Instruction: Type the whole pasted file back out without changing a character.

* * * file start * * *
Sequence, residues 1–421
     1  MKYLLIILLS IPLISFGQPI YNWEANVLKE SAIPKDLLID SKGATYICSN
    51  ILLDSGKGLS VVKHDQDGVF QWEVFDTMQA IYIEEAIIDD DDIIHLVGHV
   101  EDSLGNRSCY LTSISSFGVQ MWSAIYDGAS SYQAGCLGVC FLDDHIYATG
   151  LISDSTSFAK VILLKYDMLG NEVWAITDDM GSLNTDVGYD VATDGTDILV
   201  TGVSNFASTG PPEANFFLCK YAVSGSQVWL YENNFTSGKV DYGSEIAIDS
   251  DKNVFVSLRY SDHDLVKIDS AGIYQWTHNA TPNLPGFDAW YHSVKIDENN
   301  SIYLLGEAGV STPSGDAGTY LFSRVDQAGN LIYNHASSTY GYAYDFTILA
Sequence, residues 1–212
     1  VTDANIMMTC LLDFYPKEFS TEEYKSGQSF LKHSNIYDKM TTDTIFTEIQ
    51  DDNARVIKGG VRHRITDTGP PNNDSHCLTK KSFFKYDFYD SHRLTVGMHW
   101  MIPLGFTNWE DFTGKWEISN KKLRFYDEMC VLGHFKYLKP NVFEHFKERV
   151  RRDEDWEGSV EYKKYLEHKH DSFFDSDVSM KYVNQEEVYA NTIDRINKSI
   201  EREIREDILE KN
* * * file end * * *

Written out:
Sequence, residues 1–421
     1  MKYLLIILLS IPLISFGQPI YNWEANVLKE SAIPKDLLID SKGATYICSN
    51  ILLDSGKGLS VVKHDQDGVF QWEVFDTMQA IYIEEAIIDD DDIIHLVGHV
   101  EDSLGNRSCY LTSISSFGVQ MWSAIYDGAS SYQAGCLGVC FLDDHIYATG
   151  LISDSTSFAK VILLKYDMLG NEVWAITDDM GSLNTDVGYD VATDGTDILV
   201  TGVSNFASTG PPEANFFLCK YAVSGSQVWL YENNFTSGKV DYGSEIAIDS
   251  DKNVFVSLRY SDHDLVKIDS AGIYQWTHNA TPNLPGFDAW YHSVKIDENN
   301  SIYLLGEAGV STPSGDAGTY LFSRVDQAGN LIYNHASSTY GYAYDFTILA
Sequence, residues 1–212
     1  VTDANIMMTC LLDFYPKEFS TEEYKSGQSF LKHSNIYDKM TTDTIFTEIQ
    51  DDNARVIKGG VRHRITDTGP PNNDSHCLTK KSFFKYDFYD SHRLTVGMHW
   101  MIPLGFTNWE DFTGKWEISN KKLRFYDEMC VLGHFKYLKP NVFEHFKERV
   151  RRDEDWEGSV EYKKYLEHKH DSFFDSDVSM KYVNQEEVYA NTIDRINKSI
   201  EREIREDILE KN